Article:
By Bill Sullivan
Scientists have been surprisingly slow to embrace Twitter and other forms of social media. Even today, a certain stigma remains attached to academics who use these tools. Some view social media activity as a frivolous use of one’s time—a distraction that has little to no value at work. Regardless of your personal feelings towards social media, it is not fair to judge others who have made these tools an integral part of their research program and career development.
Here’s why. Twitter has a great deal to offer a scientist. For many, Twitter is simply the best way to monitor breaking science news or newly published articles. You cannot fault someone for using a 21st century method to stay informed. In fact, Twitter may be helping scientists to be more efficient. Using the search engine and hashtags, scientists on Twitter can quickly isolate the signal from the noise, pulling out the tweets that are most relevant to their discipline.
With each passing year, more scientists from around the world are flocking to Twitter. Some new, some old. Some down the hall from you, and some who are on the other side of the globe. Some who are just starting their career, and some who have been around the block. Even some “big cheeses” are on Twitter now, sharing their wisdom, insights, and advice. There is much for a young scientist to learn from the lessons offered by these seasoned scientists. And, I would argue, a lot that seasoned scientists can learn from those who are at the beginning of the journey.
There are countless other ways scientists are leveraging the power of Twitter to enhance their research program. I’ve established new research collaborations on Twitter. I post job opportunities in our laboratory or at our school on Twitter. I attend virtual scientific meetings on Twitter. I ask the hive mind for help with new techniques we are trying to master, or to brainstorm ideas to solve a mystery we are trying to crack. Through discussions on Twitter, I have learned about new ways to facilitate intralab communication and options for electronic notebooks. We post and discuss new research papers on Twitter, much like a cyberspace journal club. We share amazing microscopy images or confounding data with one another. We share in one another’s successes, and offer support to one another when science is kicking our ass. #ScienceTwitter rocks!
Many faculty members are also incorporating Twitter into their education and service missions. At one level, Twitter is an effective way to communicate additional information and articles to students. Twitter can be used as a forum to post practice questions or case studies that students can then discuss as a group in cyberspace. On another level, Twitter is a fantastic platform for science outreach, a novel means by which we can educate the general public in matters concerning science and medical research.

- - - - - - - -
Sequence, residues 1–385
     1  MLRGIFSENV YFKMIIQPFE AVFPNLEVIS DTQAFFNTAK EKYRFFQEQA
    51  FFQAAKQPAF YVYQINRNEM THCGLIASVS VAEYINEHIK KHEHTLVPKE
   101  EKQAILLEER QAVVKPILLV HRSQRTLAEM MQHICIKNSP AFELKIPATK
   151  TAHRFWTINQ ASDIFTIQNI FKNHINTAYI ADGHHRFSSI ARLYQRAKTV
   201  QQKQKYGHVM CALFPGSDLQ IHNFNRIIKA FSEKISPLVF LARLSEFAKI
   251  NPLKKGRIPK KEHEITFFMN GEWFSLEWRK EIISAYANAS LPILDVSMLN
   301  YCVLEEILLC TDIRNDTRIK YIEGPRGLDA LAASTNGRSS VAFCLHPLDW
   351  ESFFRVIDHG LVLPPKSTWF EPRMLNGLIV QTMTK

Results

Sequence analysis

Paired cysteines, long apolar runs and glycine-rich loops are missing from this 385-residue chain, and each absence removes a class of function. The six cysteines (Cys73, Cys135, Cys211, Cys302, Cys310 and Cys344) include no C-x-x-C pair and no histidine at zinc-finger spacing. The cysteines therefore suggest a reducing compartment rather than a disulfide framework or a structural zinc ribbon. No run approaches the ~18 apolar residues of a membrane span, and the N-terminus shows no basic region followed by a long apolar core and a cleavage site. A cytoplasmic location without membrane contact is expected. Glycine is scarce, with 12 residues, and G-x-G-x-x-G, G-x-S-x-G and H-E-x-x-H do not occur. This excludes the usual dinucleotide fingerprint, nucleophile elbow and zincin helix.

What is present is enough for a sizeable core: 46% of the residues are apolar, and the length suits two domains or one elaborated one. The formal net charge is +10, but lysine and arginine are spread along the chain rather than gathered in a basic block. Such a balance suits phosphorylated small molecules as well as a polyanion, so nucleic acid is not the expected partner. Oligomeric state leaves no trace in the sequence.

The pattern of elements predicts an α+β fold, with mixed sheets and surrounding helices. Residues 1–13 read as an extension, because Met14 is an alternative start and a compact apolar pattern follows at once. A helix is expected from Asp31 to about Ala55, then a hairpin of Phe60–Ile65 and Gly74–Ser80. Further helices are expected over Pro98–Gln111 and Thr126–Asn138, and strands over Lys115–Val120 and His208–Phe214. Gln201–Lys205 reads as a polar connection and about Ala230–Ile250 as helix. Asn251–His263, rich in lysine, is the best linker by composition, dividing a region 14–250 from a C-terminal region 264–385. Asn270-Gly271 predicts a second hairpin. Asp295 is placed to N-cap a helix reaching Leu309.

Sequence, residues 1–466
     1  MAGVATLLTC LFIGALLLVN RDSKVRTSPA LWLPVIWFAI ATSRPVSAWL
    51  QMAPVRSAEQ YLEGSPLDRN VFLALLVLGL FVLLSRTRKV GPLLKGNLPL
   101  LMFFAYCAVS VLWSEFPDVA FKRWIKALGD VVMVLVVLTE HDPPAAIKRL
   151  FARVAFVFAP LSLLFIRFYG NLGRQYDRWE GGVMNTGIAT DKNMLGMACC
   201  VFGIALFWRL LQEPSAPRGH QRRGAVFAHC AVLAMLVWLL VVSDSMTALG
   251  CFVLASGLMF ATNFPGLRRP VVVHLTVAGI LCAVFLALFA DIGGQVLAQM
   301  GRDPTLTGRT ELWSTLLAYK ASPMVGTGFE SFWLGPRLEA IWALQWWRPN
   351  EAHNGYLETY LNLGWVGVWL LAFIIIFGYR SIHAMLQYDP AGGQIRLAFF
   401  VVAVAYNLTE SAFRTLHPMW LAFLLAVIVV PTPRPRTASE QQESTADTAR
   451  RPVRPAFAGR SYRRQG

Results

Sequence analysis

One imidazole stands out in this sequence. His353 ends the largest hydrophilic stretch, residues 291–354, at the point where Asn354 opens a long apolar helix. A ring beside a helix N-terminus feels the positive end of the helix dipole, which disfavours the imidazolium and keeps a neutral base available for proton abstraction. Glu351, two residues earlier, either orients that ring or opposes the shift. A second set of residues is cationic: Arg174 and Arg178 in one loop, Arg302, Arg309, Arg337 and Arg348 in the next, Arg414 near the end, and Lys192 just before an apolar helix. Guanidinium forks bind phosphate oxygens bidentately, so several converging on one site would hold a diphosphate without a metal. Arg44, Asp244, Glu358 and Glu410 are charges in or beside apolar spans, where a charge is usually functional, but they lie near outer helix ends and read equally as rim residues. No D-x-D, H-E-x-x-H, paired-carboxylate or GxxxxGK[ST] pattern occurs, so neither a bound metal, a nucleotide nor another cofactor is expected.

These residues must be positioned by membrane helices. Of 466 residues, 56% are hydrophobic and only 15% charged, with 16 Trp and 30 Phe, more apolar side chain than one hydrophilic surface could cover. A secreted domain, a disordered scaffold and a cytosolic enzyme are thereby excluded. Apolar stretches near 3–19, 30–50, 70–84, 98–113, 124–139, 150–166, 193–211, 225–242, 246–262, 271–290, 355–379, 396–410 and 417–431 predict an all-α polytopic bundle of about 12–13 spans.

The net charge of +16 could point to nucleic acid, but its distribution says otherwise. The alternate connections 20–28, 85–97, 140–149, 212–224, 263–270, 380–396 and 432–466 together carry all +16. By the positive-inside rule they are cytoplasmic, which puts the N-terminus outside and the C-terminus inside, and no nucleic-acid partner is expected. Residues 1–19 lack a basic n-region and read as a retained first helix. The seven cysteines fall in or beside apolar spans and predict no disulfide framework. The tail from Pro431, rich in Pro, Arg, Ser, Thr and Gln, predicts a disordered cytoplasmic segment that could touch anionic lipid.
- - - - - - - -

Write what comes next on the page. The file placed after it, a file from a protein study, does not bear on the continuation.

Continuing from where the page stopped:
Twitter is much more than a passive news source; it is an important mechanism to broadcast your news. Twitter and other social media outlets have enhanced my career. Thanks to sharing our research on social media, I’ve been invited to give more talks, write more review articles, and attend more meetings. It is also a great way to stay in touch with former members of your lab. In addition, most of our journals, societies, and funding agencies now use social media platforms, and they are waiting for you to join the revolution.
I know, I know: we all have a zillion other things we need to do. Do we really have time for social media? I was skeptical at first, too. However, I found that it takes much less time than you think and, in many surprising ways, it’s actually a timesaver. You can share articles, comments, and photos in seconds. Communicating via Twitter is often quicker and easier than email in some cases. Considering all the advantages I’ve outlined above, I’d argue that the minimal cost in time is far outweighed by the benefits. The question is not, “Can you afford to be a scientist on social media?” The question is, “Can you afford not to be?”
So please think twice before criticizing someone for augmenting their research program or career with social media. With any luck, maybe we can convince you to start taking advantage of these modern forums of science communication.